Customer data platforms (CDPs) have been on the market for nearly a decade. Yet many enterprises still don’t realize the benefits they can expect from this solution. In this post, we’ll discuss how CDPs build and manage unified customer profiles and contextual profiles. Also, by creating a customer profile strategy and identifying customer profiling methods, we’ll explore how customer profiling can differentiate your business. As well as the outcomes you can expect from this strategy.
Why unified data and contextualized insights are mission-critical to customer profiling methods
The value of customer profiles is that they offer insights accessible across an enterprise to facilitate the creation of multi-faceted, continuously customer-centric experiences at every touchpoint. Customers become the central point of every decision and they can feel that in their experiences, regardless of department, platform, or stage of their journey through an omnichannel experience.
Departments in an enterprise may have the same end goal, but data gaps often prevent a connected, consistent customer experience. Marketing will create a campaign and hand it off to the sales team, but they won’t have visibility into how it performed. A customer will call customer service to ask about a marketing promotion. But the customer service rep has no insight into what promotion the customer received from marketing. In-store customer loyalty programs aren’t integrated with a customer’s online profile and their rewards don’t transfer. The list of fragmented experiences between customer touchpoints continues with a lack of customer profiling in a unified way resulting in insight loss and poor experience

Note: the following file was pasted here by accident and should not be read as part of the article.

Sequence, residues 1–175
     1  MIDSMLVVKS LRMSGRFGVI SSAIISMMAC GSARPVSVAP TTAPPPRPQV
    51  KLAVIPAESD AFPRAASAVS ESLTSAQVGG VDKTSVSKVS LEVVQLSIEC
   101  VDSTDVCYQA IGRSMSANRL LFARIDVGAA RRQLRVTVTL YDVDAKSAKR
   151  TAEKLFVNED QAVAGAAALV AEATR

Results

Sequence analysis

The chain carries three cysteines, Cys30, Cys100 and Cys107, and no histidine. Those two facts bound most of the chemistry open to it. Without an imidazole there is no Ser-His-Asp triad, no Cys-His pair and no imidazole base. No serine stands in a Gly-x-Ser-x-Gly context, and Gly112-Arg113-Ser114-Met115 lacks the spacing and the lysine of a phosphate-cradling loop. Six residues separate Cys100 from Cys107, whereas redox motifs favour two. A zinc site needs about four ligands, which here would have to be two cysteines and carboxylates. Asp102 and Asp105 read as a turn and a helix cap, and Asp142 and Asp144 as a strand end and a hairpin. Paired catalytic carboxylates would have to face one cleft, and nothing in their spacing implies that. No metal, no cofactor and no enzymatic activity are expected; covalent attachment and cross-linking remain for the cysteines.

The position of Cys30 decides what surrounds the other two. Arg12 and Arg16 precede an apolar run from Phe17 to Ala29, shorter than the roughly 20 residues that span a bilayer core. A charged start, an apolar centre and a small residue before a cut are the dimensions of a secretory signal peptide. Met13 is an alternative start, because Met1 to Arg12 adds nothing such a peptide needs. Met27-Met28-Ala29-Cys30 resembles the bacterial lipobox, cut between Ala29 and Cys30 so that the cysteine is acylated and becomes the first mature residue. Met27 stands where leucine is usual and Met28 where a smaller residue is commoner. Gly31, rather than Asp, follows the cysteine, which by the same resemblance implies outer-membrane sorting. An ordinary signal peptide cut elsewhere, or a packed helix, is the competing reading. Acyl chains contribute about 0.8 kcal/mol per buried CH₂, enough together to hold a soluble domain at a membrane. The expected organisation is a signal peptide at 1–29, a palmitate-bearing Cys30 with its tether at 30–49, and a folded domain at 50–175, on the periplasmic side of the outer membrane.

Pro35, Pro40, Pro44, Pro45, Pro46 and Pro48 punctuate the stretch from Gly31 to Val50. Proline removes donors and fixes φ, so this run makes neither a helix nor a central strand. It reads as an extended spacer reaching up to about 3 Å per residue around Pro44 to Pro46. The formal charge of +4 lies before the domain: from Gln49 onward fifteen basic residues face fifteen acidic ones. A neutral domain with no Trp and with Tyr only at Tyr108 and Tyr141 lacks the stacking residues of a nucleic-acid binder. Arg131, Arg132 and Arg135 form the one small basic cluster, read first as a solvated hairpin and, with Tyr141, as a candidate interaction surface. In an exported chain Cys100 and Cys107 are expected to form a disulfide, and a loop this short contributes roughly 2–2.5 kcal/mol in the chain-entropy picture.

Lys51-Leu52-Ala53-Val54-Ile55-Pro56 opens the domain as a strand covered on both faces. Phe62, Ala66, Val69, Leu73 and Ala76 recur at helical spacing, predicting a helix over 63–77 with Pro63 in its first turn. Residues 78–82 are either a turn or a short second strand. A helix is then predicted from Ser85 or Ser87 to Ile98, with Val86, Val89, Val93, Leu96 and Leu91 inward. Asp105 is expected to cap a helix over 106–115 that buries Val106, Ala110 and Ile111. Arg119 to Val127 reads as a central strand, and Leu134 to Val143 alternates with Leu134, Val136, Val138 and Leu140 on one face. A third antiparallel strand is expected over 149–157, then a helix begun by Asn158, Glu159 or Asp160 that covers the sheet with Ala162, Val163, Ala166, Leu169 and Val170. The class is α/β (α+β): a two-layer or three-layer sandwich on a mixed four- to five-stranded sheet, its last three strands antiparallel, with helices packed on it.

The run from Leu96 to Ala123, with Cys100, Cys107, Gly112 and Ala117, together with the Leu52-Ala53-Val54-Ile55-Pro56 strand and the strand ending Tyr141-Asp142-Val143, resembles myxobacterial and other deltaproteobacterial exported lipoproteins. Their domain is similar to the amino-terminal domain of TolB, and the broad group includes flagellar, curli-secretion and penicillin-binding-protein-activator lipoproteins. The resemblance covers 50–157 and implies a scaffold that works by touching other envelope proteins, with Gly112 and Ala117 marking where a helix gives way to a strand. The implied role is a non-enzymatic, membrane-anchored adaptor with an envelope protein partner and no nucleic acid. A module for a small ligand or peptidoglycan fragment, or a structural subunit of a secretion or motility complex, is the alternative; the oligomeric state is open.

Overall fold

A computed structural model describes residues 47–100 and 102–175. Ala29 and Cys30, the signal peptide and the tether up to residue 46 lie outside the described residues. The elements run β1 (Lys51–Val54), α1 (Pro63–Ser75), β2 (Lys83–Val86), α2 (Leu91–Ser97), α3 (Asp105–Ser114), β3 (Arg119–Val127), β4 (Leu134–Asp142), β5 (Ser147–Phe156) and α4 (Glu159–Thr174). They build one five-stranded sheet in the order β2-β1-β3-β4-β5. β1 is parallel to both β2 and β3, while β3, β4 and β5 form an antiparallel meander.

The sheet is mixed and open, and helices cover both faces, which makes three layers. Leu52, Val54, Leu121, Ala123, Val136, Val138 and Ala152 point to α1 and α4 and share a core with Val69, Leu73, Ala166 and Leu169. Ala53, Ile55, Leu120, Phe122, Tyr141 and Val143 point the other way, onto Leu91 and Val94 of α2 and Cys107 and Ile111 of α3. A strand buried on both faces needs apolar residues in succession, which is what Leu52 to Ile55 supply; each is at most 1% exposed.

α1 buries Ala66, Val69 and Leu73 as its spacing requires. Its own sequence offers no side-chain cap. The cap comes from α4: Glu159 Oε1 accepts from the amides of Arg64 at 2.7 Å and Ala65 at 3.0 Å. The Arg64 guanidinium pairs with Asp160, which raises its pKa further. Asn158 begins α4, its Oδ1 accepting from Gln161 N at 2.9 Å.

Make Better (Data) Choices: Unified Customer Profile Checklist & CDP
With the following unified customer profile checklist, you can find insights to improve your overall customer data strategy. Explore how your current customer data strategy and customer profiles compare to what a CDP can do.
How customer profiling creates happier customers
Customer profiling creates happier customers by unifying and contextualizing customer data, keeping brands in step with customer needs, desires, and pain points.
As a consumer, my expectation is that you know who I am. I can trust you with my information, and you know about all my previous interactions whenever I engage with you. For instance, I assume customer service knows about the product I ordered. They recognize the promotion I’m referring to without me having to provide context.
Yet, most organizations’ customer-facing systems are stitched together. They can’t keep up with the volume, velocity, or variety of data to create a seamless experience for customers.
So, what’s the solution? Unification and contextualization. This means:
- Integrate a pre-built platform that centralizes all customer data from all customer-facing systems. It assigns all the data correctly to the appropriate customer and fuels all other customer-facing systems with this repository of data.
- Contextualize the data in a way that allows the company to easily utilize the data depending on the purpose. The goal: the right data, right person, at the right time, in the right way.
Create positive experiences through unified profiles
A happy customer is typically a loyal, returning customer. From a brand’s point of view, it’s even better when a happy customer is an advocate who brings in new customers. But ultimately individual customers own their experiences with the brand. You can’t control their emotions or perceptions. But using different customer profiling methods you can create the most optimal environment to delight your customers. That’s where a CDP comes in.
The kitchen sink: A unified customer profile in your customer profile strategy
Initially, your customer profile strategy might consist of gathering every piece of first party, second party, and third party data from your customers. Then it assigns, organizes, and stores the data. Data collection from the following sources may look like this: